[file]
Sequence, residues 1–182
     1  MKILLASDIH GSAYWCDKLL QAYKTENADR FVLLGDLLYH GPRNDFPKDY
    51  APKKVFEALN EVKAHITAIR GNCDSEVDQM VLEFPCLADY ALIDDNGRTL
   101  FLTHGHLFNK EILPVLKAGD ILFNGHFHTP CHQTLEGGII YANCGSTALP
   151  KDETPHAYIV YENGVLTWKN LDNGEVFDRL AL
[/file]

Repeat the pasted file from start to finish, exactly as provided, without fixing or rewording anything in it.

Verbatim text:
Sequence, residues 1–182
     1  MKILLASDIH GSAYWCDKLL QAYKTENADR FVLLGDLLYH GPRNDFPKDY
    51  APKKVFEALN EVKAHITAIR GNCDSEVDQM VLEFPCLADY ALIDDNGRTL
   101  FLTHGHLFNK EILPVLKAGD ILFNGHFHTP CHQTLEGGII YANCGSTALP
   151  KDETPHAYIV YENGVLTWKN LDNGEVFDRL AL